If you are accepted, congratulations! Be prepared to have two more stories (for a total of 3 short stories or two novellas) ready to submit to the group before May 18 (sooner is better!). You'll receive detailed information about the Workshop and an invitation to our private Google Group by late April. If you are not accepted, I'll provide details about how to improve your chances of getting in during the rolling-acceptance period, or next year.
For those accepted to the workshop and in financial need - especially KU creative-writing graduate students - we are now pleased to offer the new Mark Bourne Speculative Fiction Writing Scholarship. You must apply to be considered for this scholarship.
If you are accepted, we'll contact you with registration instructions. If you wish to apply for reduced tuition, contact Chris McKitterick right away and submit a note explaining your financial need. Your registration is not complete until you have sent us your check by the deadline.
Between acceptance into the Workshop and May 18, submit a total of three stories (or two novelettes or novellas - a maximum of 25,000 words total) via our Google Group for distribution to other Workshop attendees. Please identify your preferred order, as that affects which our Special Guest Authors critique (McKitterick critiques all three). You may submit these one at a time or all at once. Final deadline for submitting stories to be workshopped is May 18. For ease of distribution, submit only in .doc or .docx format via our private group.
If you are accepted, you'll be informed how to register and pay.
If you are not a current KU student but wish to take the Workshop for graduate credit, you also need to apply as a non-degree-seeking graduate student. Fill out this KU application form and supply a copy of an official transcript showing proof of an undergraduate degree. On the application form is an area for comments/notes. Indicate that you wish to enroll only for the summer SF Writing Workshop (ENGL 757). You must enroll using the KU online enrollment system, and you need a permission code from Chris McKitterick (firstname.lastname@example.org) sometime during April. You can officially enroll for graduate credit after you have the code, but be sure to enroll before June 1 or KU will charge a late-enrollment fee. If you have any questions about the application or enrollment process, please let Lydia Ash (email@example.com) know.
Contact us for any logistical help you might need in getting settled for your stay. More logistical information is available on the CSSF LiveJournal page.
Return to the scene of the crime to reinforce lessons from your last workshop and reconnect with other alums. New for 2016!
Starting this year, we offer a less formal, advanced two-week workshop for people who have attended this Spec-Fic Workshop in previous years (aka "Young Gunns"). It runs from June 19–July 1.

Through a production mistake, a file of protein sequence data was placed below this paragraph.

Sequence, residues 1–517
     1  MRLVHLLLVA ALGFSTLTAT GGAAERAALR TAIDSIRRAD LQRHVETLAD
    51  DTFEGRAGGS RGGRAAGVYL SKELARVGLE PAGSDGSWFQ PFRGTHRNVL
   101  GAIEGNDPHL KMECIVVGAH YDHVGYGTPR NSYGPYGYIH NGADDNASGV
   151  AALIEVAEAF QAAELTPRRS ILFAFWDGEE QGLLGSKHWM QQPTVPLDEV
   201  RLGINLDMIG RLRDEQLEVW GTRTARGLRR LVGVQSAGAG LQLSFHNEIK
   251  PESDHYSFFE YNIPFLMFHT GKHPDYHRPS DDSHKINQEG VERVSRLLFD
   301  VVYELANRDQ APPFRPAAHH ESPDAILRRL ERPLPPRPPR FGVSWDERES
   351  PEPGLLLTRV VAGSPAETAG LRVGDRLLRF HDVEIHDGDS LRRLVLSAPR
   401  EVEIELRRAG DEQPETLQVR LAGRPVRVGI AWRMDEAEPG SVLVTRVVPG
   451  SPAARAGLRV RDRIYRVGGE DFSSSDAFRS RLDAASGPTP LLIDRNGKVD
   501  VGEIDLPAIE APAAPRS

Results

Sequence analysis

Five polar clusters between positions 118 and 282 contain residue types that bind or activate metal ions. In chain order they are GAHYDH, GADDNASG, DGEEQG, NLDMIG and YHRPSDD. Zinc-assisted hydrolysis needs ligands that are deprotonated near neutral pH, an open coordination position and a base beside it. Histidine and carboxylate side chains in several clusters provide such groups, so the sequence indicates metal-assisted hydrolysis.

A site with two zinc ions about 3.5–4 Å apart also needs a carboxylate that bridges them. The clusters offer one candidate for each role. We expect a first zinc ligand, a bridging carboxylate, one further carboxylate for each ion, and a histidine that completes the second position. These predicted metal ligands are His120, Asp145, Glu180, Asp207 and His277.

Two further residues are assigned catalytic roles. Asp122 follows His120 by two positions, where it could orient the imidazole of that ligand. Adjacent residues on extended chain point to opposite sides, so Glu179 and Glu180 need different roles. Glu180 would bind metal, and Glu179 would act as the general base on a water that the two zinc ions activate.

Repeat Offenders is basically a chance to work with similarly trained writers on whatever project everyone has underway. Week One is full of discussion, project development, and so forth: details to come as we work out everyone's wishes! In Week Two, we bring in a guest author or editor to offer advice and feedback on your (hopefully complete) project. We might have other guests drop in as well!
Enrollment is limited to 10, so apply early! To apply:
By May 19, contact Chris McKitterick (firstname.lastname@example.org). Be sure you:
Rooms share a bathroom, either with an adjacent room or down the hall (3 stalls and showers/bath per 6 rooms), and have a sink and counter space for a microwave or other small kitchen equipment. Other building amenities include a lovely wraparound porch with seating (including a chair-swing or two), basketball court, refrigerator, coffee and tea equipment, and many private study areas. We are conveniently located just down the hill from the KU Student Union and a few blocks' walk from lovely downtown Lawrence. Be sure to let us know if you have special needs.
Housing does not include meals, but these are available in the nearby Kansas Union and a variety of wonderful restaurants, and Lawrence offers at least one fine micro-brewery. Check out Lawrence.com or Yelp's Lawrence page for a list of many of the local eating establishments. We head downtown most evenings for group dinners with all those interested!
The default housing arrangement is now a single room with a shared bath for each attendee. Some double rooms may be available for people who request them, but we will not be able to find roommates for you.
Housing cannot accommodate check-ins earlier than June 5 or beyond July 1.
Logistical information collected over the years is available on the Center's LiveJournal.
The "Young Gunns" of 2003
Front row: Kij Johnson, Jeannette Cheney, Betsy Boyce, Nolen Harsh, Terry Mackey, Adrian Simmons.
Middle row: Harold Agnew, Thomas Seay, Pat Buehler, Jennifer Schwabach, Cliff Johns, Kelly Green, Betty Hull.
Back row: Wolfgang Baur, David Kirtley, Rod Rogers, Frederik Pohl, Chuck Marsters, Larry Taylor, James Gunn.